LOOMING GAPS in teacher supply are to boost the number of training places for next session and in ensuing years, significantly reversing a lengthy period of retrenchment in teacher numbers.
The Scottish Higher Education Funding Council, which sets intakes in line with guidance from the Scottish Office, says recruitment of primary students is being stepped up from 810 this year to 865, with 600 going through the four-year BEd course and the remainder enrolled on the one-year postgraduate course.
Secondary places will rise from 812 to 1,015. But there will be a standstill in the intakes for the specialist BEd degrees to teach music and technology in secondary schools because of recruitment difficulties. Levels will be set at those achieved this session: 50 in music and 31 in technology. Places on the secondary BEd in physical education will remain at 100.
The funding council says that, despite statistical projections for primary that point to the need for no more than 450 BEd places in 1999-2000, more are needed to meet shortages among supply teachers, the expansion in pre-school places and local recruitment difficulties.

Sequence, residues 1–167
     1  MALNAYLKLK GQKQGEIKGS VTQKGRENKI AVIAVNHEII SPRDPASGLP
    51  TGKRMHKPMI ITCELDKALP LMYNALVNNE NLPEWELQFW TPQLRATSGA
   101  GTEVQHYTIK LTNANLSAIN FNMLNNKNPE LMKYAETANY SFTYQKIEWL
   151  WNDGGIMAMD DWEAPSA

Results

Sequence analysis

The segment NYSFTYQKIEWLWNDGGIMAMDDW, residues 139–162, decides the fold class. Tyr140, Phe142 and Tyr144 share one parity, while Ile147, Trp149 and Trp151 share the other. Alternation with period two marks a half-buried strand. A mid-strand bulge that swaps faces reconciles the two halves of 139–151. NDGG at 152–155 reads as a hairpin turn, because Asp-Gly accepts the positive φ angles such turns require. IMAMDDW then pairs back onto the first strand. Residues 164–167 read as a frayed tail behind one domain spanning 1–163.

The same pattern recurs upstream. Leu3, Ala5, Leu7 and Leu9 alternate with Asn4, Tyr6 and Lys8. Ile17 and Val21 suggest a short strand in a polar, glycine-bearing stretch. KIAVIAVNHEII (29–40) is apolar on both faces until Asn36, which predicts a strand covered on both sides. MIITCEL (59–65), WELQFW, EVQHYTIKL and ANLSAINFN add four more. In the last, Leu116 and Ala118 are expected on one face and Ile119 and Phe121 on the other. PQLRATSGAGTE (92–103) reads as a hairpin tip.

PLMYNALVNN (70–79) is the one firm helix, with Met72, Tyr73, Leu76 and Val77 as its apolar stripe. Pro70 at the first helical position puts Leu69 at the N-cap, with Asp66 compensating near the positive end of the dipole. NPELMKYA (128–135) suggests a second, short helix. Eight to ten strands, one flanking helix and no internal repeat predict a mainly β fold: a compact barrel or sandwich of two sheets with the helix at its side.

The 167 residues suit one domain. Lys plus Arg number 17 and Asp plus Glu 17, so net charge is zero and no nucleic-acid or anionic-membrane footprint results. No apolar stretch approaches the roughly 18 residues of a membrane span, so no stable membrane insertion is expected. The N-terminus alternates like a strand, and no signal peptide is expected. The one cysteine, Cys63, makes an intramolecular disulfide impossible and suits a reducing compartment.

The council said an intake of nearly 1,000 primary BEd places must be reached within five years if shortages are to be avoided. Government policy to reduce class sizes has also created a need for 600 additional teachers by August 2001, but this will be met through the one-year primary course rather than the four-year degree.
The council has also responded to concerns about teacher shortages in the Catholic sector, allowing St Andrew's College an extra 15 primary and 15 secondary places. The college described this as "a dramatic shift from the trend of the past 23 years".